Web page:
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"The Colors of Identity: Polish Art at Home and Abroad, 1890-1939"
2006-05-26 until 2006-09-17
Smart Museum of Art
Chicago, IL, USA United States of America

By 1890, a century of occupation and several failed uprisings had impacted Polish culture profoundly and engendered a broad search for a national identity in the arts. Driven by the Moda Polska (Young Poland) movement, Polish art, literature, architecture, and music flourished even as the country remained partitioned under the foreign rule of Russia, Germany, and the Austro-Hungarian Empire. In subsequent decades, Polish artists working at home and abroad engaged in a lively international exchange that resulted in a Polish modern art movement that was remarkably diverse.

On Thursday, May 25, from 5 to 7 p.m., The Colors of Identity: Polish Art at Home and Abroad will open at the Smart Museum of Art with a public reception and a talk by independent art historian Jan Cavanaugh, entitled "Opposite Poles: The National and the International in Polish Art." Featuring over sixty paintings, sculptures, and drawings – all drawn from the private collection of Tom Podl – the exhibition reflects the remarkable diversity of Polish modern art created between 1890 and 1939. It also demonstrates how the visual arts served as a focused response to the period’s divisive geopolitics and, in the two decades after independence was achieved in 1918, contributed to the cultural identity of a sovereign Poland.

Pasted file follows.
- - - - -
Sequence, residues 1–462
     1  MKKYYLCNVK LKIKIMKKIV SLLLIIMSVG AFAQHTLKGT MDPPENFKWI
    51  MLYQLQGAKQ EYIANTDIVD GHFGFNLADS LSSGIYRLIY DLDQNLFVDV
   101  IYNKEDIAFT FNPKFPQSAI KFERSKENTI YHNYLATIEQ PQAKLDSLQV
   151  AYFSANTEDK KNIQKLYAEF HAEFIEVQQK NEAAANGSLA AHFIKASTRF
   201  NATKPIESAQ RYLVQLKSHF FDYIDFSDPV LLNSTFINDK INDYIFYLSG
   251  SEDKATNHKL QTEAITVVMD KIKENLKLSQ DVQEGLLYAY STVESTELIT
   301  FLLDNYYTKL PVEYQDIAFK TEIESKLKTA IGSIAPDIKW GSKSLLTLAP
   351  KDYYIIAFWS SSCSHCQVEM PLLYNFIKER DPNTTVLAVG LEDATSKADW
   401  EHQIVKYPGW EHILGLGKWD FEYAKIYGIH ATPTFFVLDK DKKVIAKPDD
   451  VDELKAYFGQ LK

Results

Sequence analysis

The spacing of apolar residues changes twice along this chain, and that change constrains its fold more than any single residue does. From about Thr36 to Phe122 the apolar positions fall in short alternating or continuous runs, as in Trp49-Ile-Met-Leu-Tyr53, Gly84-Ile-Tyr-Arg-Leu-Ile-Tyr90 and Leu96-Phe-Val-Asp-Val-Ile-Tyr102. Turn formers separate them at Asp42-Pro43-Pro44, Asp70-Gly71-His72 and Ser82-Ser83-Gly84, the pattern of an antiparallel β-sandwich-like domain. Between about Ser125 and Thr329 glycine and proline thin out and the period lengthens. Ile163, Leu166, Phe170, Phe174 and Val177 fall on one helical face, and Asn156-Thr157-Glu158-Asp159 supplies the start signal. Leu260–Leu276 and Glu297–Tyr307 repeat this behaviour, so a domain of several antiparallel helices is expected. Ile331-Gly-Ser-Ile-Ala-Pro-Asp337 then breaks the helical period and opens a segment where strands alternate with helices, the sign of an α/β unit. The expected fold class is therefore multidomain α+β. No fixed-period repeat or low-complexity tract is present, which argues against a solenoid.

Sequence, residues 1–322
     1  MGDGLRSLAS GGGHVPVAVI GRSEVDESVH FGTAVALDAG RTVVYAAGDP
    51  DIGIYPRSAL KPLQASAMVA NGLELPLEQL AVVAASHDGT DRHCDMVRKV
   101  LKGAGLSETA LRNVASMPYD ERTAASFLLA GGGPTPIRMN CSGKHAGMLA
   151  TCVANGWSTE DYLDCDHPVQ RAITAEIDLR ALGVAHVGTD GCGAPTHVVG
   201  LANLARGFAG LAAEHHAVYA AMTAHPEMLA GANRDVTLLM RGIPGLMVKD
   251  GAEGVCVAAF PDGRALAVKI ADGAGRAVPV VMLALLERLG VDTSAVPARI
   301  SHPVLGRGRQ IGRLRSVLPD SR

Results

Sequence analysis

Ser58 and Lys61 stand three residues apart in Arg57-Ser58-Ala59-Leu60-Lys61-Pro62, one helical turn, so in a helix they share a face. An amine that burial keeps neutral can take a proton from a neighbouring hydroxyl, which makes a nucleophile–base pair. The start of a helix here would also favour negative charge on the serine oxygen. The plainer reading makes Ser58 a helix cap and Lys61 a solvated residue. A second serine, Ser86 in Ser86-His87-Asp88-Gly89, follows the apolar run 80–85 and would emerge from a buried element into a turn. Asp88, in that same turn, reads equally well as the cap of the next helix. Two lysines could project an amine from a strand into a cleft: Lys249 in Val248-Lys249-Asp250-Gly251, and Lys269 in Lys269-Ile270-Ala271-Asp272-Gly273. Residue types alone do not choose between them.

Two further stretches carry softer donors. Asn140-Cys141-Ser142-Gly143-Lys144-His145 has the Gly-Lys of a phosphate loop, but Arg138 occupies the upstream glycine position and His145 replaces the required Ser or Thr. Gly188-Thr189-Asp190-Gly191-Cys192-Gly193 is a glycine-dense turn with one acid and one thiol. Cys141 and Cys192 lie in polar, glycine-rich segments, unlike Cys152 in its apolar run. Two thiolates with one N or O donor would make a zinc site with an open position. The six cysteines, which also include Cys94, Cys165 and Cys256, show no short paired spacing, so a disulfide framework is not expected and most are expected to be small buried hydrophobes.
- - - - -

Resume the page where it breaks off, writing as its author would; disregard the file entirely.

In the fifty years encompassed by The Colors of Identity — a period that begins with foreign partition, marks national independence in 1918, and ends in occupation at the onset of World War II — Polish artists worked in a variety of modern styles. Inspired by encounters with foreign art practices, their work responded to the Symbolism and Synthetism of the 1890s, the Cubism of the teens, and the Neo-Classicism of the 1920s. Though disparate in the styles they practiced, they united in the pursuit to create a modern art imbued with a Polish consciousness. The Colors of Identity traces the complex expression of national identity and international perspective that defines this critical period in Polish modern art.

In the last twenty years, several exhibitions in the United States have examined early Polish modern art, but The Colors of Identity is the first to explore two of Poland’s most significant artistic contributions to modernism, through which successive generations of Polish artists took their place among the European avant garde: the Young Poland movement and the work of Polish artists belonging to the influential School of Paris, a group of mainly foreign artists based in Montparnasse.


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